One of my favorite holidays is Independence Day. In addition to being an annual reminder of the values of democracy and liberty that our country was founded upon, it gathers people to celebrate our nation over fireworks and barbeque.
Though I’ve been wanting to buy a smoker ever since I tried my friend’s smoked tri-tip, I was not sure I wanted to make the $200 investment when I’d possibly be moving across the country next year for medical school. As a frugal alternative, I bought a Weber charcoal grill off Craigslist for $35 and decided to try my hand at smoking some baby back ribs during the fourth of July.
After watching a few instructional videos and reading a few articles on smoking meat with a kettle, I decided to prepare my grill in a standard two-zone set-up. I placed unlit charcoal in the chimney’s top compartment, stuffed the bottom compartment of the chimney with rolled newspaper, banked a pile of unlit charcoal on one side of the grill.
While I was waiting for the charcoal to light up, I seasoned the ribs liberally with a home-made dry rub and coated it with a southwestern mustard sauce. After about 20 minutes, I poured the lit charcoal over the unlit charcoal and placed apple hickory wood chunks on top. I then placed the top grate back on the kettle and placed a half-full water pan above the lit charcoal. This water pan helped keep the ribs moist as they cook.After the kettle heated up, I placed the ribs on the top rack on the side opposite of the charcoal. I then covered the grill and angled the top vent towards the meat so the steam could rise over it.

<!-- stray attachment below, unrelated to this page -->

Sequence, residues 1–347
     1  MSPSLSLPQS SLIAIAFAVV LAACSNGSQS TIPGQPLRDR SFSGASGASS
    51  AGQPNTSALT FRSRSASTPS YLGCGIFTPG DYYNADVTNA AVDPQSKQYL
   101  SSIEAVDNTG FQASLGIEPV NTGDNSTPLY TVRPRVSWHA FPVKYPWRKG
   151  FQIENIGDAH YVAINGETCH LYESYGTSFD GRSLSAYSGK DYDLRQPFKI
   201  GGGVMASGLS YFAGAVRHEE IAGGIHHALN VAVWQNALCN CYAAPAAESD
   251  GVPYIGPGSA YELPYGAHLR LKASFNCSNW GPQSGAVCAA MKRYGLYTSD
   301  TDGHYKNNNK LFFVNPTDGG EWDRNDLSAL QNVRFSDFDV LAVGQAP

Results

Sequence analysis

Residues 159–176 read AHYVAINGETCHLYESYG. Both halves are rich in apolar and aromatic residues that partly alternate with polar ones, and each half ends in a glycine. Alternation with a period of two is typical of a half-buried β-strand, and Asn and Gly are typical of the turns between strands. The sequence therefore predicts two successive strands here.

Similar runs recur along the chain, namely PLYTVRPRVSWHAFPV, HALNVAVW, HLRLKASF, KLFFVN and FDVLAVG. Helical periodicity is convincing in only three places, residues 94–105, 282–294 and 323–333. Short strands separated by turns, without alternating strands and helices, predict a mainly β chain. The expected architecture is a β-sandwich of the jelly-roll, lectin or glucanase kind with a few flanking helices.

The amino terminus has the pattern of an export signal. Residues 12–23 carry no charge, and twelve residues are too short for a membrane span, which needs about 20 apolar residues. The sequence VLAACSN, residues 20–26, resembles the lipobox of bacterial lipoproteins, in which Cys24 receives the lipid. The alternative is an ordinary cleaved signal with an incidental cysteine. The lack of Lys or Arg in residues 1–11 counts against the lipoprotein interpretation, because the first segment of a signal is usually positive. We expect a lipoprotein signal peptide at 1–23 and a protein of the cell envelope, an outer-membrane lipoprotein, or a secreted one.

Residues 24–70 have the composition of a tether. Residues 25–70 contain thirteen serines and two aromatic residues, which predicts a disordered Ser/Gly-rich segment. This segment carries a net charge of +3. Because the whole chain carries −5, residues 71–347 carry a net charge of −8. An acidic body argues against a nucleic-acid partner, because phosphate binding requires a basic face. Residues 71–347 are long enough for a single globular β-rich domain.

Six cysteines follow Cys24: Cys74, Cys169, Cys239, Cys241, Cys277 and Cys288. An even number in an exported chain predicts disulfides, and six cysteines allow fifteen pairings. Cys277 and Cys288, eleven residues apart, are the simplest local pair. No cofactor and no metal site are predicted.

I smoked the ribs for three hours, checking their progress each hour.
During the last 5 minutes of cooking, I brushed a cocktail of barbeque sauce and apple cider vinegar over the ribs. It was essential to do this near the end, to avoid burning the sugar in the sauce.After three hours of hickory wood smoke, we were rewarded with ribs with a distinct smoke ring. The ribs paired well with the signature Costco Sweet Vegetable Kale salad kit and corn on the cob.
Smoking is a fantastic way to cook ribs. However, it requires a kettle, an indifference to smelling like a smokehouse, and a lot of patience. Overall, I consider this experiment a moderate success. While the ribs had great flavor, I found them slightly tougher than I’d like. In the future, I definitely want to invest in a thermometer to have better gauge of the temperature of the grill.
I want to challenge you to cook using a new modality and share with me your results. And if you decide to smoke some tri-tip, please invite me over.